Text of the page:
Food and drink exports continue to grow according to Bord Bia’s review of the sector, and the outlook for the year ahead is equally as positive.
This year it is estimated that the value of Irish food and drink exports increased by 3% to exceed €10.8bn for the first time. The food and drink sector recorded its sixth consecutive year of export growth in 2015 as increased output in key sectors, favourable exchange rate developments and better returns for beef, seafood and beverages, helped to offset a considerable weakening in global dairy prices.
“Irish food exporters registered record growth, increasing exports by some €355m in a period when global food commodity prices declined by approximately 19%, the Russian market was effectively closed to EU food exports, and consumer sentiment remained sluggish across the eurozone,” Aidan Cotter, CEO, Bord Bia said this morning when presenting the ‘Bord Bia Export Performance and Prospects Report 2015/2016’. According to Cotter, 2016 will present opportunities for growth in most sectors but there will be challenges due to global dairy price pressures.
In 2015, the strongest categories in terms of export growth were beverages (+10%), beef (+6%), and seafood (+4%). The sustained growth in exports of Irish Whiskey, up by an estimated 18%, was the most significant driver in the beverages category. The growth in dairy exports – up 4% – occurred despite adverse trading conditions and reflects the growth in the volume of specialist nutrition powders, which increased by 25% overall and by 40% to China alone.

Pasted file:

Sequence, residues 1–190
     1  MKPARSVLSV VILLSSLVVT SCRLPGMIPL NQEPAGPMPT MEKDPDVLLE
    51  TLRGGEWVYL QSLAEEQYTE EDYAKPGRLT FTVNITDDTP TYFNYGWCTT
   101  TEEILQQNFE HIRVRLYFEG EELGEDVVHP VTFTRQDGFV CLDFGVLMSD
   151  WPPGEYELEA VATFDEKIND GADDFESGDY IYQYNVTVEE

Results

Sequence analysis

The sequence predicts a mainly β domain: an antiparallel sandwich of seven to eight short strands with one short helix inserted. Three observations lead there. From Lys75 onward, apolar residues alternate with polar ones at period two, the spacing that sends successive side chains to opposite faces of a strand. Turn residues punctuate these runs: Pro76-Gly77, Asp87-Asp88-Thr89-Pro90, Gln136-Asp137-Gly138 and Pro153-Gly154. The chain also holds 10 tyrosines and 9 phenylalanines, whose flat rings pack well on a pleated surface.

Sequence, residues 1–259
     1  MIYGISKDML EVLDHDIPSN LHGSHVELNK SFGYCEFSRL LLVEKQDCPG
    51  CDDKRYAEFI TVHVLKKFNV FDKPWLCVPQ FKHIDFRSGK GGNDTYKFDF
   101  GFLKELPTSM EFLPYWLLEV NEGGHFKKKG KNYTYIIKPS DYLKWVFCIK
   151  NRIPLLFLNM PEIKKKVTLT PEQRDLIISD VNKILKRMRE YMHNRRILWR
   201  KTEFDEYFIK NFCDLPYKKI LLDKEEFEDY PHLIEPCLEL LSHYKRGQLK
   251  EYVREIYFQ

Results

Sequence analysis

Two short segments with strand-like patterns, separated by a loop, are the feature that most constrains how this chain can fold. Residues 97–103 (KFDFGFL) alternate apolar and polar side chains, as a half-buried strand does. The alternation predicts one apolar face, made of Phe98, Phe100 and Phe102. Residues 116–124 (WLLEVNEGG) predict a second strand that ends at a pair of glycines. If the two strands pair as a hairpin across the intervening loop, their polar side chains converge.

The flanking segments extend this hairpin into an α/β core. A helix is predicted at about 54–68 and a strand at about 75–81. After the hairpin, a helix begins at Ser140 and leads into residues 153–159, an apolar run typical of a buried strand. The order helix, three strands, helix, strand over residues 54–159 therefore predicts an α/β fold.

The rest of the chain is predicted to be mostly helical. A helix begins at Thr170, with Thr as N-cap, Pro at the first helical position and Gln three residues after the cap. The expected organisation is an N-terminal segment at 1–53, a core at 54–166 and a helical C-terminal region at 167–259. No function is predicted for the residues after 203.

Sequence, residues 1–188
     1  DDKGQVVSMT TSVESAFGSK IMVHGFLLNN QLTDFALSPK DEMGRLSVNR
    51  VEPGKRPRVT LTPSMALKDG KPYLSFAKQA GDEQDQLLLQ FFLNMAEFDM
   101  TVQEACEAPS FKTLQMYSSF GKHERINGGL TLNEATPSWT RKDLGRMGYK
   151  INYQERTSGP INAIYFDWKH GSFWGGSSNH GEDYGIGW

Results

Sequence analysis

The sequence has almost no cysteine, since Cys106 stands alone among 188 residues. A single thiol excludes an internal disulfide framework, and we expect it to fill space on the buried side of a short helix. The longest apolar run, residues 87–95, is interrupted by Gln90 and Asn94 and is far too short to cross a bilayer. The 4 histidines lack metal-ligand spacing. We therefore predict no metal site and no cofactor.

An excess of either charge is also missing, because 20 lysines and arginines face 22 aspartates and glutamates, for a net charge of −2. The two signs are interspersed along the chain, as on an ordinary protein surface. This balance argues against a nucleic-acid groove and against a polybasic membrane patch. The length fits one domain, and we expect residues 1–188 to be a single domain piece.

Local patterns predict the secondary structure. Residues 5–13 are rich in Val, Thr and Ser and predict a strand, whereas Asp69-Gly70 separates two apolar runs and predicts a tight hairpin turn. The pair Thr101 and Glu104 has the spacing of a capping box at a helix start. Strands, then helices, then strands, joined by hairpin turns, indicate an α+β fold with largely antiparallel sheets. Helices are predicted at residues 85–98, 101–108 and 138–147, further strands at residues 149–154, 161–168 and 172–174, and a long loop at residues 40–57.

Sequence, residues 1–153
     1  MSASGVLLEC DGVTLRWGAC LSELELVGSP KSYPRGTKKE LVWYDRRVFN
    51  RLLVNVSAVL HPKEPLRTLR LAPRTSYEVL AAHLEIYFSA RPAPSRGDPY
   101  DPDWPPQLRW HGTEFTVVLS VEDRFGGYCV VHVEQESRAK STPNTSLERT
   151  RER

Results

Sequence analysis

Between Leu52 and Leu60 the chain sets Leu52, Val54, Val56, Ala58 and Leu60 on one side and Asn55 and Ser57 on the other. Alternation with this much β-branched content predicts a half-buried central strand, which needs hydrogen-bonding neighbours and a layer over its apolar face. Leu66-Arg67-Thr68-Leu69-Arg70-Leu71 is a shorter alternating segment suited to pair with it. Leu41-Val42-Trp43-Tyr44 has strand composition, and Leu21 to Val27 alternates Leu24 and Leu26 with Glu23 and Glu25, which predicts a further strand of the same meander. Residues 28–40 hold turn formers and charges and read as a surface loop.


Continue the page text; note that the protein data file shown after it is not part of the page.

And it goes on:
Launching the report the Minister for Agriculture, Food and the Marine, Simon Coveney complimented the industry for achieving a record sixth consecutive year of export growth. “The food and drink industry has been a driving force in our economic recovery since 2009, delivering cumulative export growth of 51%. Irish producers and companies have yet again demonstrated in 2015 their ambition, innovativeness and ability to meet buyer and consumer needs in highly competitive and complex trading environments.”
There have also been some significant developments in the market distribution of Ireland’s food exports last year. The US consolidated its position as our second largest market after the UK, with exports growing by 40% to an estimated €755 million, on top of higher exports of dairy and beverages. Exports to China grew by 16%, maintaining its position as our fifth most important market and our second largest for dairy and pork. Exports to the Middle East grew by 12%, but exports to Russia and to the African region were weaker.
Bord Bia also today published its new Statement of Strategy, 2016 – 2018, ‘Making a World of Difference’. The document sets out the key forces driving change in the marketplace and the strategic pillars that will guide the agency’s activities in the period ahead. It includes a renewed focus on routes to market and the importance of building its international market presence.
“My Department along with Bord Bia and industry will continue to seek out new markets and new products to guard against the inevitable challenges facing a small open economy exporting 80% of the food we produce,” the minister added. “For this reason I am delighted that Bord Bia is to open new overseas offices in Singapore and Warsaw to offer support and insight to exporters targeting South East Asia and Eastern Europe.”
Bord Bia has also announced the establishment of a new Insight Centre which will become operational in the early months of 2016. ‘The Thinking House’ will be located at the organisation’s Dublin offices and is designed to help companies successfully underpin new marketing and brand initiatives by ensuring the consumer is at the heart of everything they do.